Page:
Long-term effects of weight-reducing interventions in hypertensive patients: systemic review and meta-analysis

EBM Review Center, Department of Internal Medicine, Medical University of Graz, Graz, Austria. [email protected]

Weight loss is recommended in all major guidelines for antihypertensive therapy. We searched for randomized controlled trials investigating the effects of
weight-reducing diets, pharmacologic substances, and invasive interventions for weight reduction on patient-relevant end points and blood pressure (BP) in patients with essential hypertension. No information on the effects on patient-relevant end points was available. Patients assigned to weight loss diets, orlistat, or sibutramine reduced their body weight more effectively than did patients in the usual care/placebo groups. Reduction of BP was higher in patients treated with weight loss diets (systolic BP [SBP]: weighted mean difference [WMD], -6.3 mm Hg; diastolic BP [DBP]: WMD, -3.4 mm Hg) or orlistat (SBP: WMD, -2.5 mm Hg; DBP: WMD, -2.0 mm Hg). Systolic BP increased with sibutramine treatment (WMD, 3.2 mm Hg). In patients with essential hypertension, therapy with a weight loss diet or orlistat resulted in reductions in body weight and BP. Although sibutramine treatment reduced body weight, it did not lower BP.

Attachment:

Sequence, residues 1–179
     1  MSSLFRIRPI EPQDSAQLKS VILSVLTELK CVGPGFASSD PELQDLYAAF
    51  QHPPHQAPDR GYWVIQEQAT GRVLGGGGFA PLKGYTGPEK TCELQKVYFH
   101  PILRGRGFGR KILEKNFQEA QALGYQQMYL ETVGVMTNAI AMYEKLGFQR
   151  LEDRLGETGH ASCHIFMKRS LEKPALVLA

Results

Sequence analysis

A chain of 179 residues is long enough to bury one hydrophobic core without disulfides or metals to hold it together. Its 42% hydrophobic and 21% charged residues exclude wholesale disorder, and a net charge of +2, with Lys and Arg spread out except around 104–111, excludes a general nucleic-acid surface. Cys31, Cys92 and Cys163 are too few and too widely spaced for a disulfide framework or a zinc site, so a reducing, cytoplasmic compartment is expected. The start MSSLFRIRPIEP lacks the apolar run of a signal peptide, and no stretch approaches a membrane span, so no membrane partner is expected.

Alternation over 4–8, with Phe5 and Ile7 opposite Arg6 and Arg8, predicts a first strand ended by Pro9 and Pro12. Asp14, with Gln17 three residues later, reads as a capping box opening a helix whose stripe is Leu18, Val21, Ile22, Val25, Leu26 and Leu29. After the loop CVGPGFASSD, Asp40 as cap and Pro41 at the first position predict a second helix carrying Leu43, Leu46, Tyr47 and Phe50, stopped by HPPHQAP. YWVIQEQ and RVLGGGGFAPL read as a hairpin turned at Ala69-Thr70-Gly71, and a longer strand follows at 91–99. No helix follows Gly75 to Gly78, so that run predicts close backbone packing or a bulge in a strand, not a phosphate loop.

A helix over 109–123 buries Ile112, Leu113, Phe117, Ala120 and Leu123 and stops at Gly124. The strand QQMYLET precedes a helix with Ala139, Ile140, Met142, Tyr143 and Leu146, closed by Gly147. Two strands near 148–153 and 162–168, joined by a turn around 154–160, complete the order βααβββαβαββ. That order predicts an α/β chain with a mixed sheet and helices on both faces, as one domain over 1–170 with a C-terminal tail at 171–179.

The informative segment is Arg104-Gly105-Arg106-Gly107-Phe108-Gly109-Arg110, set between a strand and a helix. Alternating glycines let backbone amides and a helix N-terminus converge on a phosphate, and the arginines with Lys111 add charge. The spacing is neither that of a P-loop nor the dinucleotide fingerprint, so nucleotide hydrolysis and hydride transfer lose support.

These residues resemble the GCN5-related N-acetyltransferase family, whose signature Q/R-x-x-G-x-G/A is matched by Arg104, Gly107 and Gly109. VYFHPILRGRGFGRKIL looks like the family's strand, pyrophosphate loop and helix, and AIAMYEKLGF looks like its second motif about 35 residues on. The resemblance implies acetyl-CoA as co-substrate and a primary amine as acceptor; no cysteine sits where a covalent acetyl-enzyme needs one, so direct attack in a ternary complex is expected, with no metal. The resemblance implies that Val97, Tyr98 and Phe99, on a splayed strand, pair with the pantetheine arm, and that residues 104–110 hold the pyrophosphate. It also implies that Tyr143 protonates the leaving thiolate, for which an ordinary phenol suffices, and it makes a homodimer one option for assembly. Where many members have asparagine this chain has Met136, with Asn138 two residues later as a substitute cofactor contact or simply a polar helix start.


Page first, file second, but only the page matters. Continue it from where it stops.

PMID: 18362248 [PubMed - indexed for MEDLINE] 

  

 


Horvath K, Jeitler K, Siering U, et al. Long-term effects of weight-reducing interventions in hypertensive patients: systematic review and meta-analysis. Arch Intern Med. 2008;168(6):571-580. 

Last Modified: 2/5/2013